2 stars Here is an album that’s not much more than a snapshot of a band whose time had sadly passed. Gone was the shrewd management of Elektra whiz-kid Joe Boyd, who had returned home to the U.S.; long gone also was the charming and talented Rose Simpson. Changing times and tastes left the band on the much less spectacular (and more spendthrifty) Island label ever since their lackluster and forgettable Woodstock appearance.

‘Earthspan’ was produced by Octavia effects-pedal inventor Roger Mayer, not exactly the expertise they had enjoyed in their heyday. Old Robin Williamson friend Gerard Dott had been recruited for the record, along with Jack Ingram and Stan “Stan Lee” Schnier, who I believe had produced the band’s previous couple of albums. The increasingly eccentric Licorice McKechnie remained, but frankly her modest talents are underutilized here and by the time their next album (the dubiously-named ‘No Ruinous Feud’) released the following year she too would be off.

Much like the band’s final album ‘Hard Rope and Silken Twine’, I find this one to be quite sad, and not in the intrinsic way some of their earlier work was. This one sounds more like a handful of guys just sort of searching for lost magic but rather resigned to the knowledge that the boom days have passed. Williamson is his usual bardly, whimsical self for the most part, but a touch less buoyant and certainly nowhere near as adventurous musically. Mike Heron proves competent, but also lacks spark of any sort.

The first couple of tracks are not much more than effected acid hippie flashback, and frankly I can’t imagine anyone but failure-to-launch or shell-shocked 30-ish hippies adjusting poorly to the new decade even paid them much mind. “Restless Night” is mildly jazzy with interesting keyboards, but lacks focus or even a blurred vision.

The band almost finds their voice on the lengthy “Sunday Song”, in which McKechnie does find her voice in an impressive lilting way (which she would employ again a few minutes later on the less-ambitious “Banks Of Sweet Italy”), and the interesting tempo and mood shifts make for an engaging mood piece; but even here there’s no poignant message or original arrangement that would merit its inclusion on a greatest hits album or anything.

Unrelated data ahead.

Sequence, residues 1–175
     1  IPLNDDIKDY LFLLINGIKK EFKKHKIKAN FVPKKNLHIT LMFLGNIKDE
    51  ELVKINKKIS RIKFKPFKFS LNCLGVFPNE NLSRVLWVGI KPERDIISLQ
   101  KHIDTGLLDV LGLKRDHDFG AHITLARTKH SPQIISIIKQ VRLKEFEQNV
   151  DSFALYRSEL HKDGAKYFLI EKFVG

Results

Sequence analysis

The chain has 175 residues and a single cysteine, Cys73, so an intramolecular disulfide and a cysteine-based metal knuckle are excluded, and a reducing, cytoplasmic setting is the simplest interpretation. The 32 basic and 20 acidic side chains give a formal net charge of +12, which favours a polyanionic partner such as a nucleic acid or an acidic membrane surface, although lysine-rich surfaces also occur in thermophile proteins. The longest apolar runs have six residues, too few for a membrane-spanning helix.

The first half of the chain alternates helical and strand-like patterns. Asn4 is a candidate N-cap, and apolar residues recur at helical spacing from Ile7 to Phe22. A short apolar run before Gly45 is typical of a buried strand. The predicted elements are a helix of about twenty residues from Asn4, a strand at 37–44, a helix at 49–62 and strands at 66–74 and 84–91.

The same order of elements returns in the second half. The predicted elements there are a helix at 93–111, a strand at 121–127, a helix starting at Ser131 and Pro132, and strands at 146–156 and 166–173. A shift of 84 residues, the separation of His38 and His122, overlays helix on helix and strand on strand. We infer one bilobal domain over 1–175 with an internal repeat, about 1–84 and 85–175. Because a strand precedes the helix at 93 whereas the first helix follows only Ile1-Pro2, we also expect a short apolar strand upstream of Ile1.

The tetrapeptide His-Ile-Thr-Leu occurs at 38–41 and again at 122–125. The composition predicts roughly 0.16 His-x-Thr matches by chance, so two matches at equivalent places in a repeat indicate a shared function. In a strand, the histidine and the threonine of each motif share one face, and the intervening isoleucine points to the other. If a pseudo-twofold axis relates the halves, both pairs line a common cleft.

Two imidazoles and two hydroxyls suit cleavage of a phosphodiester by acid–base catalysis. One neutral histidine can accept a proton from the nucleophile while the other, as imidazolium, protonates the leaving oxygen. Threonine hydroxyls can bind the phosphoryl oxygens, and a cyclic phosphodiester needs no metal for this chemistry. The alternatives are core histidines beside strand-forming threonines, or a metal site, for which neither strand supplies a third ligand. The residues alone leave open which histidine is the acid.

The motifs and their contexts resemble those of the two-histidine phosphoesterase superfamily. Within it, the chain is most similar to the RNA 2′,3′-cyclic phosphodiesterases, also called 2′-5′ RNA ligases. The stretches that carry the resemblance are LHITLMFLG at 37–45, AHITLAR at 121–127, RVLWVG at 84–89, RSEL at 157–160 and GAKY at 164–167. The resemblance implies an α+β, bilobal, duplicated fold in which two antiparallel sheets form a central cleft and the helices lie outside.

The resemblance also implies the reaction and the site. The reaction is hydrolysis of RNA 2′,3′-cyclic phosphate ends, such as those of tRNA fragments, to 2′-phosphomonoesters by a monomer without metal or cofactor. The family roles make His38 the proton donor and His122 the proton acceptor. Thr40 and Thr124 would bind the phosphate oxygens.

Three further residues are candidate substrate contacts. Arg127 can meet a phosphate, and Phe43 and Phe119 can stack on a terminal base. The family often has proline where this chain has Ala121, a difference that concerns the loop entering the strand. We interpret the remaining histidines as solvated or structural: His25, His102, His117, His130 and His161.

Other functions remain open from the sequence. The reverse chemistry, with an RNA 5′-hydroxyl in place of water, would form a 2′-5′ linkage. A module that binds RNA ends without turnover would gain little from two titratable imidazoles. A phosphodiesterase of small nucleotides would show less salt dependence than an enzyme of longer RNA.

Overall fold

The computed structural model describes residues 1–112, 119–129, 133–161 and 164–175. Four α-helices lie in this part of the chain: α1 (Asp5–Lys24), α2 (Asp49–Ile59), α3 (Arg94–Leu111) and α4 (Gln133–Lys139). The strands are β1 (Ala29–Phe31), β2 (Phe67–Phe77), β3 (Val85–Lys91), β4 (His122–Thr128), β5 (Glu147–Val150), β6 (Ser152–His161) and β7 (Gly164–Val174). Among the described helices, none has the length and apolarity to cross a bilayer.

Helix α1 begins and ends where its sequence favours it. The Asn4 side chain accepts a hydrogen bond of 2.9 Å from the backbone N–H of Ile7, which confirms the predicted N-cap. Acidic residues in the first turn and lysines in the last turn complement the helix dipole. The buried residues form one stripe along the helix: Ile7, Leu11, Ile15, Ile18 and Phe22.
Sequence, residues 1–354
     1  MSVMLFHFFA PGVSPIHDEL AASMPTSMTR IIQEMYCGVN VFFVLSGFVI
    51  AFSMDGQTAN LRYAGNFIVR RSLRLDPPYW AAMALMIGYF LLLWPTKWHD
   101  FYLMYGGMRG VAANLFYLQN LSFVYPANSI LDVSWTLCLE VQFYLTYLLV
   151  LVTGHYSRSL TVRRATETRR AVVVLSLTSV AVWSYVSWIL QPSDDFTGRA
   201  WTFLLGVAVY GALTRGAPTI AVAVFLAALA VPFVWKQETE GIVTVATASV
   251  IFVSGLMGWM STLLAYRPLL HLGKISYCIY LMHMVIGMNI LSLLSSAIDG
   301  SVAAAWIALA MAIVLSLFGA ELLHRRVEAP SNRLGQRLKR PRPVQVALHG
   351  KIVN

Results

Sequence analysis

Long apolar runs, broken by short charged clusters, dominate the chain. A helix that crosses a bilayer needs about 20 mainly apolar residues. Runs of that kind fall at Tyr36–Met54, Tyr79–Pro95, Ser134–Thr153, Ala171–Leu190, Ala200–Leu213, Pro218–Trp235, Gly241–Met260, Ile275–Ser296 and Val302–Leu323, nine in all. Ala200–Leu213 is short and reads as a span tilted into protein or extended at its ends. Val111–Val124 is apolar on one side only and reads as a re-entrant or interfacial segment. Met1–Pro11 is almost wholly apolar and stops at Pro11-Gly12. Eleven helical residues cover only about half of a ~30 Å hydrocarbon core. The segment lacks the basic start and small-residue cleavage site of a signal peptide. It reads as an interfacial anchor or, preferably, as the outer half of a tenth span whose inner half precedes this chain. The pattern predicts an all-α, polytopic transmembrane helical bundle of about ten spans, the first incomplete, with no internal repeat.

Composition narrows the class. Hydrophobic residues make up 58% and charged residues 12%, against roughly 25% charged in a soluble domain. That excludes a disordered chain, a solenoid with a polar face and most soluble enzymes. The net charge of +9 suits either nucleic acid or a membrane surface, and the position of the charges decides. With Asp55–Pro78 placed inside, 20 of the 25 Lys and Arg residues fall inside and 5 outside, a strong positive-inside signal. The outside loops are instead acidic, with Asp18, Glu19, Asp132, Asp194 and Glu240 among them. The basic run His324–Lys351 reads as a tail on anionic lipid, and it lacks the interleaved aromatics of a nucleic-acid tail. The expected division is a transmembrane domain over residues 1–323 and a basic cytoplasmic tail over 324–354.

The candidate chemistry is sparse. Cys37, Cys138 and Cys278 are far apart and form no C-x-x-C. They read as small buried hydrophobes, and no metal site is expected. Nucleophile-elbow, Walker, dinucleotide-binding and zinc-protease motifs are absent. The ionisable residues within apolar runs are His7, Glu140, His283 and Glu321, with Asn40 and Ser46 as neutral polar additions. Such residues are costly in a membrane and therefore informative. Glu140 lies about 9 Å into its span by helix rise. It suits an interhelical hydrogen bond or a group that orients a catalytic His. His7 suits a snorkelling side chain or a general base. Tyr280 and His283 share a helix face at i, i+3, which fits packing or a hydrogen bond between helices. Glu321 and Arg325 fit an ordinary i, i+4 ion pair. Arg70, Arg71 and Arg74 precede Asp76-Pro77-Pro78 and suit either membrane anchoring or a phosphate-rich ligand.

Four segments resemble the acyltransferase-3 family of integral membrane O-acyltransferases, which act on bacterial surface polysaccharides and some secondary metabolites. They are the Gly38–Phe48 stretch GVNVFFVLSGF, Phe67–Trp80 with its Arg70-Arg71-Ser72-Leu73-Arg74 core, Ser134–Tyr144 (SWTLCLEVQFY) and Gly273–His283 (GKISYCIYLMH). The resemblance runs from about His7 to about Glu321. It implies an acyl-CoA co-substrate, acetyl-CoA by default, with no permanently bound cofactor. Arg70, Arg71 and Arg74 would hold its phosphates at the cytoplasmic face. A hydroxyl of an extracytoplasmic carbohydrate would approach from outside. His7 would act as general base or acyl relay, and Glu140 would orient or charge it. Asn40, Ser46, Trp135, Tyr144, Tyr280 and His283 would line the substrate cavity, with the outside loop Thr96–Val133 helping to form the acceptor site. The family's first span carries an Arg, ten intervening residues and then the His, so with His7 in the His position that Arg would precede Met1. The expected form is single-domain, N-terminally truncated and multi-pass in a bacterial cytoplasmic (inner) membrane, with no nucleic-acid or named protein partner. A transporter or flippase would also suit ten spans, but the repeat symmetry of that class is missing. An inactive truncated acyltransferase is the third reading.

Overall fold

There’s a remake of “Black Jack David” from the band’s 1970 album “I Looked Up” for some reason, though much shorter and offering nothing new except to resurrect a violin for the first time in a while. There are also a couple of odd, swing-like tunes with horns that I believe were co-written by Williamson and Malcolm Le Maistre and a wholly out-of-place here before Heron closes with yet another of his rambling and guitar-driven dirges (“Seagull”). This one isn’t a bad tune, but it seems completely archaic on a 1972 album; truly, this was a band whose best days had ended at least two or three years earlier.

I’m a bit surprised this record has been reissued at least three or four times over the years, including the Beat Goes On 2004 release where it is coupled with the band’s twelfth album ‘No Ruinous Feud’. I don’t think it deserves that many chances, but I suppose this is a testament to the group’s ardent followers. This is definitely collector material only, but apparently there are enough collectors out there to merit its several pressings. Two stars and only mildly recommended.


Latest members reviews

4 stars I must admit the first few times I listened this recording I was not that impressed, but over the years it has really grown on me the the extent that I revisit it often. The songs are all pretty strong the exception possible being "My father was a lighthouse keeper" which sounds a little silly. H ... (read more)

Report this review (#2169007) | Posted by RossJWarren | Wednesday, March 27, 2019 | Review Permanlink